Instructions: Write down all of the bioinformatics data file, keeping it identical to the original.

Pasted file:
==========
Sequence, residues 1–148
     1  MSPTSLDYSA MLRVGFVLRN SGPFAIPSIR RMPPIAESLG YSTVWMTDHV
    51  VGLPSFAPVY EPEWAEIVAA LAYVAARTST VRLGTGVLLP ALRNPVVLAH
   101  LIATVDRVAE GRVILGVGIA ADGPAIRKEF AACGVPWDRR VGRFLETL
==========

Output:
Sequence, residues 1–148
     1  MSPTSLDYSA MLRVGFVLRN SGPFAIPSIR RMPPIAESLG YSTVWMTDHV
    51  VGLPSFAPVY EPEWAEIVAA LAYVAARTST VRLGTGVLLP ALRNPVVLAH
   101  LIATVDRVAE GRVILGVGIA ADGPAIRKEF AACGVPWDRR VGRFLETL